Where is the logic when using polarized DC blocking caps in a circuit?

I am not talking about -3dB point, but about the polarity orientation.

For example:enter image description here

this is taken from USB Headphone Amplifier Design Walkthrough - Phil's Lab #101 on Youtube

How to determine the correct orientation?

AND: shouldn't we use a drain resistor after C29 to discharge it?

  • \$\begingroup\$ Generally you avoid polarized caps whenever possible. But at 100uF you will probably only get ceramic caps rated at some 16V which might be too low. So you might be forced to use polarized caps. Either that or the design is just old. It wasn't that long ago (relatively) when 100uF wasn't even available for ceramic caps. \$\endgroup\$
    – Lundin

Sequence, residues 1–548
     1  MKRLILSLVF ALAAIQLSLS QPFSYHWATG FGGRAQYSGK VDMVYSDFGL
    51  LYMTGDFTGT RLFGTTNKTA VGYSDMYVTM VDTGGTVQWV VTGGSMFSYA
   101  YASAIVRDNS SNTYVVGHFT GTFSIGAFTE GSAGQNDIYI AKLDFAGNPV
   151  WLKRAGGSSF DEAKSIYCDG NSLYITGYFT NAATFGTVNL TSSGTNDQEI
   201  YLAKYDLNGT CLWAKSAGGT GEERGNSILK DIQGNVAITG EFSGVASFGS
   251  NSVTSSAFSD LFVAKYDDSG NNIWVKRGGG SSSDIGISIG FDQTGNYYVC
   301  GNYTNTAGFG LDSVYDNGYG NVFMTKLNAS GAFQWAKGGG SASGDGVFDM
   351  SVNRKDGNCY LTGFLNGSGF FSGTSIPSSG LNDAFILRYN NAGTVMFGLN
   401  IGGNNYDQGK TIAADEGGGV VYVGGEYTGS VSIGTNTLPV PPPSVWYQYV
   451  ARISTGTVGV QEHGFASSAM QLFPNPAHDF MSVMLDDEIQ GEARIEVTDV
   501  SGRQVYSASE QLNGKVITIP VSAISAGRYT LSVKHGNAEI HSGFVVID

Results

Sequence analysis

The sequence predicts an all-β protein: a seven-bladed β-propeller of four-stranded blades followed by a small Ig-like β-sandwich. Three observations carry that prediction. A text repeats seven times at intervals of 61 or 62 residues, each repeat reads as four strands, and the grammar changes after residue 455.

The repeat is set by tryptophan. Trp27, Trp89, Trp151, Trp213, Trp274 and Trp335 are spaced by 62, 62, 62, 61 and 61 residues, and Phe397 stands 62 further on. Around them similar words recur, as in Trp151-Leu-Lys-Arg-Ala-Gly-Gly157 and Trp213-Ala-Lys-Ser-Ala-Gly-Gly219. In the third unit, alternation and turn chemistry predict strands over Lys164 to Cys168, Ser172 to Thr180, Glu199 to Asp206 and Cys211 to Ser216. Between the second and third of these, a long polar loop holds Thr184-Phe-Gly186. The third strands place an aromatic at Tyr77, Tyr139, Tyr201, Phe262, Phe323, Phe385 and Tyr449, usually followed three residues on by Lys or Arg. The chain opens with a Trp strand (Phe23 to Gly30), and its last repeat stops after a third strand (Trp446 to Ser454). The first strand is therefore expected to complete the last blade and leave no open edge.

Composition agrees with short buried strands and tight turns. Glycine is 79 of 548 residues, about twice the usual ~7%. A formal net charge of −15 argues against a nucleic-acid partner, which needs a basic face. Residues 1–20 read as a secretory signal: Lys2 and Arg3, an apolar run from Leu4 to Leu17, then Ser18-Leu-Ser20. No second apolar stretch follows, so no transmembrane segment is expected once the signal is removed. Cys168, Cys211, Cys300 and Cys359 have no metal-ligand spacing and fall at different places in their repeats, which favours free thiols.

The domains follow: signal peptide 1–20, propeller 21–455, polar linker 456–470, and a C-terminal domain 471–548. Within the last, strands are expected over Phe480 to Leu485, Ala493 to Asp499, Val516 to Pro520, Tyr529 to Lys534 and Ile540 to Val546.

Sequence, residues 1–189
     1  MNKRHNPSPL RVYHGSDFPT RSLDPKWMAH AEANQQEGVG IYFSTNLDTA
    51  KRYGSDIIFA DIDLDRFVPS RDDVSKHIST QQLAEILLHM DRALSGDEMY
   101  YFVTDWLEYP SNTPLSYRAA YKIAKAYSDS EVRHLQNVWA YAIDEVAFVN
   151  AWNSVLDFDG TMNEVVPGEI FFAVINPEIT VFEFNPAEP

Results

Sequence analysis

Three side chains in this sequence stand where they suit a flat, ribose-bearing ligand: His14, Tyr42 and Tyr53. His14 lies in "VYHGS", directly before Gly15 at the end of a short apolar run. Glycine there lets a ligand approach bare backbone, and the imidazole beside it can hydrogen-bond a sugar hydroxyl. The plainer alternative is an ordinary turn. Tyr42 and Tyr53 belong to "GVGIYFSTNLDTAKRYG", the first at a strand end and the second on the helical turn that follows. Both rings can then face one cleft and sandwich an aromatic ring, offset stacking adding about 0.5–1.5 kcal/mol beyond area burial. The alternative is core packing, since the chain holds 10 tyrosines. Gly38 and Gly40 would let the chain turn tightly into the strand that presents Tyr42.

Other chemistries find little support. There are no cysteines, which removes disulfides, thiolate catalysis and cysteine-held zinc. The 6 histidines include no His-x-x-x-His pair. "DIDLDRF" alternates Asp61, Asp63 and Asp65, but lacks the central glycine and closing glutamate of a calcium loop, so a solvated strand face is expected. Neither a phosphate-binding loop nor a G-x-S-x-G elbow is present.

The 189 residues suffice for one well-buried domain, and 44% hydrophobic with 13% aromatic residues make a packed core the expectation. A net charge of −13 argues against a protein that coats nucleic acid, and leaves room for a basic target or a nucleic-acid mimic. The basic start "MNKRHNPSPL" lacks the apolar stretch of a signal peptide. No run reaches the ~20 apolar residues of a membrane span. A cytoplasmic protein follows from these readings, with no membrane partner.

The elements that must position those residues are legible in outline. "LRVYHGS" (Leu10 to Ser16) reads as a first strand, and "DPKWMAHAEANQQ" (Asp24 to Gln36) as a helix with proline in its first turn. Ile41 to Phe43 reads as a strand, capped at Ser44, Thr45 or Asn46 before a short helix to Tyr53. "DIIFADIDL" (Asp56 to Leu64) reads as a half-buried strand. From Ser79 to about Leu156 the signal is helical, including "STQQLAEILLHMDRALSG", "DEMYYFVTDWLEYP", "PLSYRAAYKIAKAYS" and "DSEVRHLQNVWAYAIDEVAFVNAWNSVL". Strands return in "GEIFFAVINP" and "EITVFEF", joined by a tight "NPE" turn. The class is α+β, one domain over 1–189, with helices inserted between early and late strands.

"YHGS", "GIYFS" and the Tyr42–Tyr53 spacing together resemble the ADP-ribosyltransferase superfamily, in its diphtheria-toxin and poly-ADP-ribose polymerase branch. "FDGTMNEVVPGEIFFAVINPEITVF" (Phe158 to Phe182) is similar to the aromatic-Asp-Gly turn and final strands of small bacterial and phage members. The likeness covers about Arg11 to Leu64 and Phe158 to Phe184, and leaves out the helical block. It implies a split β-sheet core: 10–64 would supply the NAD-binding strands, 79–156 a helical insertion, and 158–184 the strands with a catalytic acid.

Mar 1 at 12:04

3 Answers 3


Assuming the op amp Vss is connected to ground, not to a negative voltage, the output of the op amp will have a DC bias, it will always be positive in relation to ground. The positive pin of the capacitor is connected to the op amp output to filter out the DC.


As everyone said, place the (+) to the node with the highest DC potential.

And about C29, it has a direct DC path via the pot to the output of U6B, which can source or sink current, I'm sure.


The logic is you put the cap positive side towards the more positive voltage.

If there is no DC bias over the cap then the polarity does not matter.

  • 2
    \$\begingroup\$ "If there is no DC bias over the cap then...": a polarized capacitor should not be used. The ac signal will reverse bias. \$\endgroup\$
    – RussellH
    Mar 1 at 10:39
  • \$\begingroup\$ @RussellH a few hundred mV of reverde bias should be handled just fine by a general purpose electrolytic. The average DC bias will still be zero. \$\endgroup\$
    – Justme
    Mar 1 at 11:15

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